Over the past several decades, a significant evolution has occurred in the way we view pregnancy, and the role exercise plays. Pregnancy used to be viewed as a “condition” or “illness.” Over the years, however, research findings began to support the notion that activity during pregnancy is not just “a good idea,” but critical for the health of both parent and child. In fact, the benefits are so substantial that the American College of Obstetricians and Gynecologists (ACOG) — the body that provides the official medical guidelines for exercise during pregnancy — now advises people with uncomplicated pregnancies to engage in “aerobic and strength conditioning exercise before, during, and after pregnancy” aiming for “at least 20–30 minutes per day on most or all days of the week.”
Read on to discover what research has uncovered over the past several decades, and see how 9 months can truly have a lifetime impact.
Benefits to Pregnant Body
- Minimizes excess weight gain: This not only helps with postpartum weight loss, but also mitigating so many of the pregnancy-induced pains & injuries.
- Reduces risk of gestational diabetes: Research has shown that participating in recreational activity within the first 20 weeks of pregnancy can decrease the risk of gestational diabetes by almost half (Dempsey et al., 2014).
- Reduces risk of major pregnancy complications: Research has shown that regular exercise during pregnancy was associated with a 40% reduction in major pregnancy complications, such as pre-eclampsia and gestational hypertension. Exercise improves circulation to keep blood pressure in check (Meah, Davies, & Davenport 2020).
- Helps prevent pregnancy pains & injuries: The physical and physiological changes of pregnancy can put a great deal of stress on the body, which can lead to pains and injuries like low back pain, diastasis recti, pelvic floor dysfunction, SI joint pain, and more. Functional strength training and deep core work can dramatically reduce the risk of getting nearly all of these.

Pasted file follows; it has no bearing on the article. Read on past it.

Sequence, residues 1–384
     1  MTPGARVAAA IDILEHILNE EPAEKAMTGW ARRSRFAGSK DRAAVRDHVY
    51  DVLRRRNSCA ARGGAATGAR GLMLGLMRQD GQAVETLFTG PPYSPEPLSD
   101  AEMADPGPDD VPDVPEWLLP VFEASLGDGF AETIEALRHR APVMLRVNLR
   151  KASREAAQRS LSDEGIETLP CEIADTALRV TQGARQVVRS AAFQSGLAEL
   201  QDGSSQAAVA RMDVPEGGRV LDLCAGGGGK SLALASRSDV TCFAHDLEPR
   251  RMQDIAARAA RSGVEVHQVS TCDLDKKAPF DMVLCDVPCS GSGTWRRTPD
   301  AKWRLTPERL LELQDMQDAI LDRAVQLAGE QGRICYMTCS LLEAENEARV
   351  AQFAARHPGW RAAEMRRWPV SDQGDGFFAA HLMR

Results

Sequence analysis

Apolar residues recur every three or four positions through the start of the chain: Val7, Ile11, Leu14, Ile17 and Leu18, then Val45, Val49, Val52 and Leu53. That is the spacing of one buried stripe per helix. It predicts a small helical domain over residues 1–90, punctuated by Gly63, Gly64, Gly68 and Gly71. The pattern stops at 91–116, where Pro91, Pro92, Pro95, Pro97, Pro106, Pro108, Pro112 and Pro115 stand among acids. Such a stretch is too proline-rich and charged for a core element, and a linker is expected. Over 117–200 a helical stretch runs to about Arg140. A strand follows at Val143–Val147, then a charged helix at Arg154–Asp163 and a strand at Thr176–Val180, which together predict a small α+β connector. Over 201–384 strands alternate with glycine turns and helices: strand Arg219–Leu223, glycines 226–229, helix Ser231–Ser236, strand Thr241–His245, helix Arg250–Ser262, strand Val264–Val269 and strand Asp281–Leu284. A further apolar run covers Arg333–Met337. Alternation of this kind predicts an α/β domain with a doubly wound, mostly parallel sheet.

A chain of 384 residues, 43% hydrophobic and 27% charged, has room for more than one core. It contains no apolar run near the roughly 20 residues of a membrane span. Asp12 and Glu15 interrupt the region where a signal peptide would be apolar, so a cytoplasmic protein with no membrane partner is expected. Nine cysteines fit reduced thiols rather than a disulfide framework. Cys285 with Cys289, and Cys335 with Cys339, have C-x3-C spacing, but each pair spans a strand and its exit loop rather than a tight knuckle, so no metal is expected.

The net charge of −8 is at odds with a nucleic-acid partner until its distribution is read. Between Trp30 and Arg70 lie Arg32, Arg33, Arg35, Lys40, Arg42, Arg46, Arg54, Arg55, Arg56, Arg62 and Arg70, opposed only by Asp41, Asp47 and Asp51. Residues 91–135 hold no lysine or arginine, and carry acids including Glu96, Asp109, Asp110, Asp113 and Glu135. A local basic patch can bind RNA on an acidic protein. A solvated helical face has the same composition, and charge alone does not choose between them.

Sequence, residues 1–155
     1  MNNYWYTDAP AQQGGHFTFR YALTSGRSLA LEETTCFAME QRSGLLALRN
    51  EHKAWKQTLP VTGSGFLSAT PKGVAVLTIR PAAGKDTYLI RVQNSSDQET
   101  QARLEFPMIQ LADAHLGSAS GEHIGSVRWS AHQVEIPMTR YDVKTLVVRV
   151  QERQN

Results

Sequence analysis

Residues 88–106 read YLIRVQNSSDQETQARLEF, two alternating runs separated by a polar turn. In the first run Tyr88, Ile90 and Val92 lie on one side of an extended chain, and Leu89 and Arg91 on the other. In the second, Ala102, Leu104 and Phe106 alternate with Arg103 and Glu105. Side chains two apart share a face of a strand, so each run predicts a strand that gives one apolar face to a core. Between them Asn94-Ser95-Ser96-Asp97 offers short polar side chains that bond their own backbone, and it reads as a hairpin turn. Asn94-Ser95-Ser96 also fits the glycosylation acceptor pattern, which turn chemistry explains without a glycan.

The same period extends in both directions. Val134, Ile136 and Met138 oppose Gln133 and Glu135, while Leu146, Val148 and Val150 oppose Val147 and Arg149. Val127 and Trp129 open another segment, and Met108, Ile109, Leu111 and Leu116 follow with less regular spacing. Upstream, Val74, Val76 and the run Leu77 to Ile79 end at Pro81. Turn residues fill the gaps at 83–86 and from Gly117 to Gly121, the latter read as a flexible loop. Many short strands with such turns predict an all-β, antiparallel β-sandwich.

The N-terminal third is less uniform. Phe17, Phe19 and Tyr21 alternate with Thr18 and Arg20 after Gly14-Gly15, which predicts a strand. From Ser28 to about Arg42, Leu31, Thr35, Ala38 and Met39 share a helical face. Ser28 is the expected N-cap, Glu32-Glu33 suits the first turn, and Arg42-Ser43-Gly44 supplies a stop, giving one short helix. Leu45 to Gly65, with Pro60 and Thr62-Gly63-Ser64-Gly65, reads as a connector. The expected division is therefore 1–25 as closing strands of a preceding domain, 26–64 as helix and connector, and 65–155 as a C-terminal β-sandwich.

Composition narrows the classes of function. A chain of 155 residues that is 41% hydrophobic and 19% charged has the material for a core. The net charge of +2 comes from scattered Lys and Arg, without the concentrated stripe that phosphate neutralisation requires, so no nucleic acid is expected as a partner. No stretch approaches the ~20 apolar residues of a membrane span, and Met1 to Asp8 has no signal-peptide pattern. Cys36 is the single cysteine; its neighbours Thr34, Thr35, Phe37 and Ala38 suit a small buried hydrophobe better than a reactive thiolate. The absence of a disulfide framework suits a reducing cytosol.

- Reduces risk of nausea, constipation, heartburn, indigestion, swelling, and varicose veins: While exercise won’t guarantee you will avoid these, it has been shown to improve circulation and digestion, which can certainly help.
- Improves sleep, mood, energy, and self-esteem: Exercise releases endorphins, which trigger a positive feeling in the body similar to morphine. Exercise can also improve sleep by reducing anxiety and depressive symptoms. In fact, exercise has been linked with fewer feelings of stress, anxiety, insomnia, and depression during pregnancy (ACSM, 2014; Goodwin, Astbury, & McKeeken, 2000).
- Facilitates easier labor (with less need for medical intervention): Cardiovascular exercise during pregnancy helps increase endurance, which can enable one to better endure the physical demands of labor (Cram & Hyatt, 2003). In addition, weight-bearing exercise performed throughout pregnancy as been shown to lead to a 50% reduction in the need for medical intervention due to heart rate abnormalities, and a 75% reduction in the need for forceps or a C-section (Clapp, 1998).